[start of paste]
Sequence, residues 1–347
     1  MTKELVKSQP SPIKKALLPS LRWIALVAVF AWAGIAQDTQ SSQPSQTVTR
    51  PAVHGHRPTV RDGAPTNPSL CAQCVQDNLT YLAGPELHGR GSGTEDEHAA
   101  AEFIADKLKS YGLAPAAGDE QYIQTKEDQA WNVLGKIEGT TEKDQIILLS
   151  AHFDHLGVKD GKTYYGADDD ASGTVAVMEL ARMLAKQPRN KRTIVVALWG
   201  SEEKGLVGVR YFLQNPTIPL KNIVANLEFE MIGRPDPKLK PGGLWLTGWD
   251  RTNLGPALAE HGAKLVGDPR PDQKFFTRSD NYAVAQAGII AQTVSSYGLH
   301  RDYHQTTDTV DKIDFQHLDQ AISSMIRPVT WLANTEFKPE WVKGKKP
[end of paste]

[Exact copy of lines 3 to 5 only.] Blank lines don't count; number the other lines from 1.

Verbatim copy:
    51  PAVHGHRPTV RDGAPTNPSL CAQCVQDNLT YLAGPELHGR GSGTEDEHAA
   101  AEFIADKLKS YGLAPAAGDE QYIQTKEDQA WNVLGKIEGT TEKDQIILLS
   151  AHFDHLGVKD GKTYYGADDD ASGTVAVMEL ARMLAKQPRN KRTIVVALWG